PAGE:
Linux and Unix rm command

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About rm

The rm command removes (deletes) files or directories.


rm [OPTION]... FILE...


rm removes each specified FILE. By default, it does not remove directories; see Removing Directories below for details.

The removal process unlinks a filename in a filesystem from data on the storage device, and marks that space as usable by future writes. In other words, removing files increases the amount of available space on your disk.

The data itself is not destroyed, but after being unlinked, it becomes inaccessible. Remove your files wisely! The effects of an rm cannot be undone. (If what you want is to completely, irrevocably erase the data on the disk, use the shred command.)

If the -I or --interactive=once option is given, and there are more than three files or the -r, -R, or --recursive are given, then rm prompts the user for whether to proceed with the entire operation. If the response is not affirmative, the entire command is aborted.

Otherwise, if a file is unwritable, standard input is a terminal, and the -f or --force option is not given, or the -i or --interactive=always option is given, rm prompts the user for whether to remove the file. If the response is not affirmative, the file is skipped.


-f, --force Ignore nonexistant files, and never prompt before removing.
-i Prompt before every removal.
-I Prompt once before removing more than three files, or when removing recursively. Less intrusive than -i, while still giving protection against most mistakes.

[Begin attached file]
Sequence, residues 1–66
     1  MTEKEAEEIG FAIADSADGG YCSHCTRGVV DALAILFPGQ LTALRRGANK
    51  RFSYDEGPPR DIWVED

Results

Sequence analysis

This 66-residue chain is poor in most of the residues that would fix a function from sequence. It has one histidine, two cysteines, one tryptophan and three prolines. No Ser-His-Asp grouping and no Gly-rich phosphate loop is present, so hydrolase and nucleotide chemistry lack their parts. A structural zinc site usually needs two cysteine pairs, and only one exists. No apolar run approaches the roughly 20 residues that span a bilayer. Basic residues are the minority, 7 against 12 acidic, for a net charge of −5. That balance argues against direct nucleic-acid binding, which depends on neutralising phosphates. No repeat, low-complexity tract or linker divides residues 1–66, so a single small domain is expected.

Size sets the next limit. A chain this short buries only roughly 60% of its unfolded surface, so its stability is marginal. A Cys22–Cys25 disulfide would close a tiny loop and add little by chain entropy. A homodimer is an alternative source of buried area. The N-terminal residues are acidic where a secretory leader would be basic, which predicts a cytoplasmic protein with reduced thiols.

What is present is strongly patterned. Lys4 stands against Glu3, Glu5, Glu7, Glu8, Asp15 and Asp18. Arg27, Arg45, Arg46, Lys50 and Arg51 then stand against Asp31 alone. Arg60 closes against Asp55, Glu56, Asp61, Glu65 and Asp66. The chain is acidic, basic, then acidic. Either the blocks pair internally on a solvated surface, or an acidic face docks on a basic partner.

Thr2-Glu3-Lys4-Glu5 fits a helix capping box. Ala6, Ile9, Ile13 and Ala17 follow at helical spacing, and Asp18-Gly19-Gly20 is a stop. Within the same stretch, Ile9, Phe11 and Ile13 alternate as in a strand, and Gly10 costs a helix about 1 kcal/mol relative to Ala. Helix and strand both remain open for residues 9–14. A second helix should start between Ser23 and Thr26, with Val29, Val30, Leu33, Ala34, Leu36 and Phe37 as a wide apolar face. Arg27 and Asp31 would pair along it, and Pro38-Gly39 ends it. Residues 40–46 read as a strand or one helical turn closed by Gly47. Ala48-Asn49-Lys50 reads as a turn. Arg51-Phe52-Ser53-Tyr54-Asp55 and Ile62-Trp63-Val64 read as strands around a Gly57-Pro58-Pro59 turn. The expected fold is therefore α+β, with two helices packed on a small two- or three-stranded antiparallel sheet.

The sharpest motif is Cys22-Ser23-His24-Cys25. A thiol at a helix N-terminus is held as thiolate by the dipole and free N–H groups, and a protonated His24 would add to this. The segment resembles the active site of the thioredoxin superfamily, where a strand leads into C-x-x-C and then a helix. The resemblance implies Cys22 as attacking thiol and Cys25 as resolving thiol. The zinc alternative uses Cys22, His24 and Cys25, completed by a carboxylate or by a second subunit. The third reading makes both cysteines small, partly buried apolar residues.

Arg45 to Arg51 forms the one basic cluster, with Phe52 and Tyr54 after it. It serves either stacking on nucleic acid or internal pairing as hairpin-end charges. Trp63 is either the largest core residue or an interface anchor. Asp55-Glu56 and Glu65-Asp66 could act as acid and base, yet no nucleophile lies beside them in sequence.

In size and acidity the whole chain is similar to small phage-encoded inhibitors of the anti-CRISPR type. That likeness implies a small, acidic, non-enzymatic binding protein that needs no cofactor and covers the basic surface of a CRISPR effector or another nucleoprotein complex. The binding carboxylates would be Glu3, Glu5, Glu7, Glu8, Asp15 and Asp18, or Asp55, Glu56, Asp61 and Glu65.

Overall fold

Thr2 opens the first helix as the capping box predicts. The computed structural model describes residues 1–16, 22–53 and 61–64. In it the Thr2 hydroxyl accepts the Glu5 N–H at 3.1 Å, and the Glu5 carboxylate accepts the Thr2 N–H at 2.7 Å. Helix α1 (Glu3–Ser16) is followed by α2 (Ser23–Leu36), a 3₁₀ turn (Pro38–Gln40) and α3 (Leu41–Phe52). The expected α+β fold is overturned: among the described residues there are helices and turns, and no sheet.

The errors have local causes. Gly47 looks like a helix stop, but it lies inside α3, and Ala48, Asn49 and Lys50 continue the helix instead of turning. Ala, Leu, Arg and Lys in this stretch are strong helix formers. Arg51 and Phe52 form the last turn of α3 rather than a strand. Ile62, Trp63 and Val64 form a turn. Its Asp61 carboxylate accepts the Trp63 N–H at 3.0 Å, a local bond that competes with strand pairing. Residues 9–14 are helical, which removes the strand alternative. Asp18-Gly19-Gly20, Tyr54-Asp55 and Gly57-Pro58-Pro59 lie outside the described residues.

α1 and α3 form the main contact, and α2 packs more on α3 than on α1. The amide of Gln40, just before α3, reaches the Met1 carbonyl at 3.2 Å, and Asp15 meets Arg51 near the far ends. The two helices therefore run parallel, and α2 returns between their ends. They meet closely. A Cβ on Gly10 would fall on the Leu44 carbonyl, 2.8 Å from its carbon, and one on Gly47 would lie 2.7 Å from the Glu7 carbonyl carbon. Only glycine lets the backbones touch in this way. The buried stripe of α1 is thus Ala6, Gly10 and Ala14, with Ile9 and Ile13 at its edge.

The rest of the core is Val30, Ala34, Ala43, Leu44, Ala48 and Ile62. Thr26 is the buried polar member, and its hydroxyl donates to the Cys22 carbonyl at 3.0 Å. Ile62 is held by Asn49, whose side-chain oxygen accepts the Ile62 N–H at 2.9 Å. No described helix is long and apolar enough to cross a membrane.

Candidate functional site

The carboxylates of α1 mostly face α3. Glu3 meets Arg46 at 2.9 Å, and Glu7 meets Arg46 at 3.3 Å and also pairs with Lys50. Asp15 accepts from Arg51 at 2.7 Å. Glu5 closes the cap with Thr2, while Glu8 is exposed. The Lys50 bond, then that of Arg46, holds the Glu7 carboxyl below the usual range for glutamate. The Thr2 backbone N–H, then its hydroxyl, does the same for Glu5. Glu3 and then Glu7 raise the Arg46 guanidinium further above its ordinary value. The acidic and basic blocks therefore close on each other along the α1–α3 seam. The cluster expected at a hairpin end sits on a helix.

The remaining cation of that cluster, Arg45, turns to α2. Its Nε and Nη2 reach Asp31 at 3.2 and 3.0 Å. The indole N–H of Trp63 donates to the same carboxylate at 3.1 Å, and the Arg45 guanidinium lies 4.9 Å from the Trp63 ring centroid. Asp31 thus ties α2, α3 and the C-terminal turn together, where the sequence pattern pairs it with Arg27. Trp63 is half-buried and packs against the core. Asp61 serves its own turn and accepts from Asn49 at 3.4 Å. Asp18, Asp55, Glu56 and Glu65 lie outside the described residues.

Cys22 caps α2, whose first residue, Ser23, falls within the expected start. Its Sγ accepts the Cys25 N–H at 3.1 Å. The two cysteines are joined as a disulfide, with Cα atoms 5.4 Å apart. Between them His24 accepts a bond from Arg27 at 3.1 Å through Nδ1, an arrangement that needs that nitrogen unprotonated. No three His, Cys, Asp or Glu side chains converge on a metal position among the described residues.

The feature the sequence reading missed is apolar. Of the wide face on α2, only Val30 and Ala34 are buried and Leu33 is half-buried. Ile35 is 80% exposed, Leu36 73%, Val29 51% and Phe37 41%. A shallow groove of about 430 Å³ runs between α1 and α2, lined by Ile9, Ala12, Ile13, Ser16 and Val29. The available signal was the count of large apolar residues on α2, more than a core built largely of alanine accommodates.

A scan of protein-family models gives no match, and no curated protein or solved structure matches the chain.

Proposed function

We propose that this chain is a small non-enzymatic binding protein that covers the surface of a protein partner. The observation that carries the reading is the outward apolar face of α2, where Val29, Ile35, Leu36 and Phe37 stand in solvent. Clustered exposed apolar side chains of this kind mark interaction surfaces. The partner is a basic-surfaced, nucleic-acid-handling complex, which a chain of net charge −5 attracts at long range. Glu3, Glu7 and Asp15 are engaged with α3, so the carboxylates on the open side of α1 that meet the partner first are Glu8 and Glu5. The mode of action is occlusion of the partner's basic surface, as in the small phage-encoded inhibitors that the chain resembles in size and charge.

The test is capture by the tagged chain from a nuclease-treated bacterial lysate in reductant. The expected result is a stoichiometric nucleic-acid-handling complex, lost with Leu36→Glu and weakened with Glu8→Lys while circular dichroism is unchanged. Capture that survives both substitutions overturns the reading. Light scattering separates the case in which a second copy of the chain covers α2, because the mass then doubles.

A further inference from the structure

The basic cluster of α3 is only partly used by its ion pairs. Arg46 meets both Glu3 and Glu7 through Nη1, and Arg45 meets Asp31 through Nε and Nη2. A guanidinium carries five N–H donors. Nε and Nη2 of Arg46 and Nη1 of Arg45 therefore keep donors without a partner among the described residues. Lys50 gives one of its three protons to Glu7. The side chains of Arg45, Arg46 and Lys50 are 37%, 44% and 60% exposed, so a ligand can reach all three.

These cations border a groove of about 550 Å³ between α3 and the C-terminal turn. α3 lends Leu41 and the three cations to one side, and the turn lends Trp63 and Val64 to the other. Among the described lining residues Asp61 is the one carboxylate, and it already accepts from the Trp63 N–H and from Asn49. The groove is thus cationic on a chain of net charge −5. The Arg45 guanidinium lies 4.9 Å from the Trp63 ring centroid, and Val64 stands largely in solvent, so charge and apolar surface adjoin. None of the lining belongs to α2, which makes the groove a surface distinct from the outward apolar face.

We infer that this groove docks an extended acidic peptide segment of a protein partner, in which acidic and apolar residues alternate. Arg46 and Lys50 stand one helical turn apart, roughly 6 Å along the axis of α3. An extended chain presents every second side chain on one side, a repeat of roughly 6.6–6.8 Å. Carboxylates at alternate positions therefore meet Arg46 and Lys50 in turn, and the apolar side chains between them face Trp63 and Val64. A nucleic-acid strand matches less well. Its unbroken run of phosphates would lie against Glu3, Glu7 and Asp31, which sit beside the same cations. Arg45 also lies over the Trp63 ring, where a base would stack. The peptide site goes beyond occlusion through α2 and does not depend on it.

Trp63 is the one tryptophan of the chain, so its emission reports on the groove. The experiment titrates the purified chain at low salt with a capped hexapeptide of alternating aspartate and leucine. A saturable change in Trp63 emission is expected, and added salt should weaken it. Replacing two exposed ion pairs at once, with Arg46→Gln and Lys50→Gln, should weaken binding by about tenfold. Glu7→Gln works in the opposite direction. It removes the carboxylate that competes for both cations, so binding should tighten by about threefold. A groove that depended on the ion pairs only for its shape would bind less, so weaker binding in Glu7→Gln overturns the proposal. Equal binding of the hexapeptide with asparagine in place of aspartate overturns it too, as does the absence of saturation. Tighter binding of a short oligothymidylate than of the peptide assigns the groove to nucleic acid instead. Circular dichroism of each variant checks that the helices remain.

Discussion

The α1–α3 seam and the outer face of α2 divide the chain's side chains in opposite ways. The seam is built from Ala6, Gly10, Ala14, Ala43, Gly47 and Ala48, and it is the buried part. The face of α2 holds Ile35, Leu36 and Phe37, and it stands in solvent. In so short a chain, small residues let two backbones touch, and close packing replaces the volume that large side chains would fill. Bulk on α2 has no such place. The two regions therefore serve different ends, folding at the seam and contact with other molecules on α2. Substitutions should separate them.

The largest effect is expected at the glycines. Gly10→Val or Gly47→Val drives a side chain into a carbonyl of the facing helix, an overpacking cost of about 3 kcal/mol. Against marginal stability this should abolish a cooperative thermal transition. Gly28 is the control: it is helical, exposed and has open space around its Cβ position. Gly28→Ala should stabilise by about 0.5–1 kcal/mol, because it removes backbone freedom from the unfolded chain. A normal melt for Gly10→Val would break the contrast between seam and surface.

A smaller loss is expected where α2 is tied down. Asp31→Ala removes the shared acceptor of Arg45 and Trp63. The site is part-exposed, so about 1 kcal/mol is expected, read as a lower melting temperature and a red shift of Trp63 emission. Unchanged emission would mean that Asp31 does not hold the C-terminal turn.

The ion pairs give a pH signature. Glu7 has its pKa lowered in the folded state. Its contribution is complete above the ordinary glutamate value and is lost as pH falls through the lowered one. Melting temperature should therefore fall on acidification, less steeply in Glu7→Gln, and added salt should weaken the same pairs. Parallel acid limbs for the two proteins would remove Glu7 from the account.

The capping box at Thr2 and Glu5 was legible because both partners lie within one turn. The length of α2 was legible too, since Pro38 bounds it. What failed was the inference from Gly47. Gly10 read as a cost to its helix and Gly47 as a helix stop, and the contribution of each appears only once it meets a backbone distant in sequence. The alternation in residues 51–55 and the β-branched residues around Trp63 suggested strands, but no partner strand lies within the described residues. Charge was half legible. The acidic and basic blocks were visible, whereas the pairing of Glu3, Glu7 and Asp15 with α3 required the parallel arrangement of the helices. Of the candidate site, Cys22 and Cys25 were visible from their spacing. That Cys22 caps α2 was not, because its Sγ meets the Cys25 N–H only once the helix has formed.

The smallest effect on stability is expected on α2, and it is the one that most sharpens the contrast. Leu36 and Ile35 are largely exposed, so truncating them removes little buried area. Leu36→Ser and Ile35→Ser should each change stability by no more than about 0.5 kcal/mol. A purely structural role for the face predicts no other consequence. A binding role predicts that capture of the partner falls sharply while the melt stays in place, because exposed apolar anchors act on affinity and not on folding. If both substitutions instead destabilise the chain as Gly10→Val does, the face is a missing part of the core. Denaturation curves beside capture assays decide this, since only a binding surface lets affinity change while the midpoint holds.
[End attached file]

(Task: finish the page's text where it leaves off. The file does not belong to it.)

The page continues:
--interactive[=WHEN] Prompt according to WHEN: never, once (-I), or always (-i). If WHEN is not specified, then prompt always.
--one-file-system When removing a hierarchy recursively, skip any directory that is on a file system different from that of the corresponding command line argument
--no-preserve-root Do not treat "/" (the root directory) in any special way.
--preserve-root Do not remove "/" (the root directory). This is the default behavior.
-r, -R, --recursive Remove directories and their contents recursively.
-v, --verbose Verbose mode; explain at all times what is being done.
--help Display a help message, and exit.
--version Display version information, and exit.

Removing Directories

By default, rm does not remove directories. If the -r (--recursive) option is specified, however, rm will remove any matching directories and their contents.

Filenames Starting With A Dash

To remove a file whose name begins with a dash ("-"), you can specify a double dash ("--") separately before the filename. This is necessary so that rm does not misinterpret the filename as an option.

For instance, if there is a file in your current directory named "-file.txt", you can delete it with the command

rm -- -file.txt

Or, you can delete it by referring to it with a pathname. For instance, if the file "-file.txt" was located in the directory "/home/chope", you could delete it using:

rm /home/chope/-file.txt

...or, if /home/chope is your current directory,

rm ./-file.txt

...will work as well.


rm myfile.txt

Remove the file myfile.txt.

rm -rf mydirectory

Remove the directory mydirectory, and any files and directories it contains, without prompting for confirmation.

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